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Date:	Wed, 3 Jan 2007 16:35:12 +0300
From:	Evgeniy Polyakov <>
To:	Dan Williams <>
Cc:	Christoph Hellwig <>,
	Suparna Bhattacharya <>,,,,,,,,
	Zach Brown <>
Subject: Re: [RFC] Heads up on a series of AIO patchsets

On Tue, Jan 02, 2007 at 02:38:13PM -0700, Dan Williams ( wrote:
> Would you have time to comment on the approach I have taken to
> implement a standard asynchronous memcpy interface?  It seems it would
> be a good complement to what you are proposing.  The entity that
> describes the aio operation could take advantage of asynchronous
> engines to carry out copies or other transforms (maybe an acrypto tie
> in as well).
> Here is the posting for 2.6.19.  There has since been updates for
> 2.6.20, but the overall approach remains the same.
> intro:
> async_tx:

My first impression is that it has too many lists :)

Looks good, but IMHO there are steps to implement further.
I have not found there any kind of scheduler - what if system has two
async engines? What if sync engine faster than async in some cases (and
it is indeed the case for small buffers), and should be selected that time?
What if you will want to add additional transformations for some
devices like crypto processing or checksumming?

I would just create a driver for low-level engine, and exported its
functionality - iop3_async_copy(), iop3_async_checksum(), iop3_async_crypto_1(),
iop3_async_crypto_2() and so on.

There will be a lot of potential users of exactly that functionality,
but not stricly hardcoded higher layer operations like raidX.

More generic solution must be used to select appropriate device.
We had a very brief discussion about asynchronous crypto layer (acrypto)
and how its ideas could be used for async dma engines - user should not
even know how his data has been transferred - it calls async_copy(),
which selects appropriate device (and sync copy is just an additional 
usual device in that case) from the list of devices, exported its
functionality, selection can be done in millions of different ways from
getting the fisrt one from the list (this is essentially how your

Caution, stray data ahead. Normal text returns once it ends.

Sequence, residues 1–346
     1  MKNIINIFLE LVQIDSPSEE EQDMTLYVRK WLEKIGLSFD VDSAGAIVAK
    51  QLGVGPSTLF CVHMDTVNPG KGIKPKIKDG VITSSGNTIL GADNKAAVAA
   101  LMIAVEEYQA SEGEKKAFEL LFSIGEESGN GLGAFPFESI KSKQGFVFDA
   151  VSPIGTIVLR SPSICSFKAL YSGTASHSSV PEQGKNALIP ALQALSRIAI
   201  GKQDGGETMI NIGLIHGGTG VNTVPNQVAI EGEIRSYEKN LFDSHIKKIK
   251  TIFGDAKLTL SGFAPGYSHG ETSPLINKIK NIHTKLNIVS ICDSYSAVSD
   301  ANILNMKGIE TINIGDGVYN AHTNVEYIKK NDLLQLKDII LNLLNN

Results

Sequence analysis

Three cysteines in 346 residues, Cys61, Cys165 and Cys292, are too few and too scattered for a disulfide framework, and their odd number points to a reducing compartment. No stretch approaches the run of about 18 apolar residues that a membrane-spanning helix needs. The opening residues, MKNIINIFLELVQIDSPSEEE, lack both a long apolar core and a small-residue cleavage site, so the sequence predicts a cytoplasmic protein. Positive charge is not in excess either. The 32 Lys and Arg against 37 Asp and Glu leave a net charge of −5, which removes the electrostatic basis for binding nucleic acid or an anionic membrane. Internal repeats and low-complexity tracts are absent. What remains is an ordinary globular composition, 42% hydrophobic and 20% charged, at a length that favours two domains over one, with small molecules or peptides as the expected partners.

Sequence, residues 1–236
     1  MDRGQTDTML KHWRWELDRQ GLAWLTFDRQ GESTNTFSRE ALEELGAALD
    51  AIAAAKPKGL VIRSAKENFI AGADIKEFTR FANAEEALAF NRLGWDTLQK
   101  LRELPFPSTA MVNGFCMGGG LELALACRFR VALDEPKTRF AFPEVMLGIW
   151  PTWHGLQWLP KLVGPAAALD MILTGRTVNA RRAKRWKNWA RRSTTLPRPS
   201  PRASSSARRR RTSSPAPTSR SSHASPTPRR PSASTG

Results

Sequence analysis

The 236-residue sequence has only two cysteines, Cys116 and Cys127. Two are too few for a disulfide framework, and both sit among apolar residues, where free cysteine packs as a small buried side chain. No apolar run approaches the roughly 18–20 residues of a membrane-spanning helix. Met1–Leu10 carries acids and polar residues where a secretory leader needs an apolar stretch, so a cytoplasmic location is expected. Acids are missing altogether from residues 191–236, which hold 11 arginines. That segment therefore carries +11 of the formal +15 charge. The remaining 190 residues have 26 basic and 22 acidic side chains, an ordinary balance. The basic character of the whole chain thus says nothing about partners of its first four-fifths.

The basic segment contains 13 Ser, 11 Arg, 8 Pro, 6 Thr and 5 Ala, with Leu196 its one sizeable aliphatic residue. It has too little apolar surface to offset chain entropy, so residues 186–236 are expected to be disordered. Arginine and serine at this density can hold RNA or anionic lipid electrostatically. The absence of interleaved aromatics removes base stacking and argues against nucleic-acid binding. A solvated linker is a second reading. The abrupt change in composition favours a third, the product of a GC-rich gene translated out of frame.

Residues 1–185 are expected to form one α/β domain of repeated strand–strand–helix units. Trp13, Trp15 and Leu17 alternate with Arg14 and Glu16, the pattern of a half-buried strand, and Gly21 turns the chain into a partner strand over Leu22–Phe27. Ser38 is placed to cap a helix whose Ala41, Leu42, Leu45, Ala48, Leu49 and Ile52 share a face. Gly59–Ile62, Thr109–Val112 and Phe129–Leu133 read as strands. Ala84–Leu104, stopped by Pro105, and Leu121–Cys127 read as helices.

approach is implemented right now), or using special (including run-time
updated) heueristics (like it is done in acrypto).

Thinking further, async_copy() is just a usual case for async class of
operations. So the same above logic must be applied on this layer too.

But 'layers are the way to design protocols, not implement them'.
	David Miller on netchannels

So, user should not even know about layers - it should just say 'copy
data from pointer A to pointer B', or 'copy data from pointer A to
socket B' or even 'copy it from file "/tmp/file" to ""',
without ever knowing that there are sockets and/or memcpy() calls,
and if user requests to perform it asynchronously, it must be later
notified (one might expect, that I will prefer to use kevent :)
The same approach thus can be used by NFS/SAMBA/CIFS and other users.

That is how I start to implement AIO (it looks like it becomes popular):
1. system exports set of operations it supports (send, receive, copy,
crypto, ....)
2. each operation has subsequent set of suboptions (different crypto 
types, for example)
3. each operation has set of low-level drivers, which support it (with
optional performance or any other parameters)
4. each driver when loaded publishes its capabilities (async copy with
speed A, XOR and so on)

>From user's point of view its aio_sendfile() or async_copy() will look
1. call aio_schedule_pointer(source='0xaabbccdd', dest='0x123456578')
1. call aio_schedule_file_socket(source='/tmp/file', dest='socket')
1. call aio_schedule_file_addr(source='/tmp/file',

or any other similar call

then wait for received descriptor in kevent_get_events() or provide own
cookie in each call.

Each request is then converted into FIFO of smaller request like 'open file',
'open socket', 'get in user pages' and so on, each of which should be
handled on appropriate device (hardware or software), completeness of
each request starts procesing of the next one.

Reading microthreading design notes I recall comparison of the NPTL and
Erlang threading models on Debian site - they are _completely_ different 
models, NPTL creates real threads, which is supposed (I hope NOT) 
to be implemented in microthreading design too. It is slow. 
(Or is it not, Zach, we are intrigued :)
It's damn bloody slow to create a thread compared to the correct non-blocking 
state machine. TUX state machine is similar to what I had in my first kevent 
based FS and network AIO patchset, and what I will use for current async 
processing work.

A bit of empty words actually, but it can provide some food for

> Regards,
> Dan

	Evgeniy Polyakov
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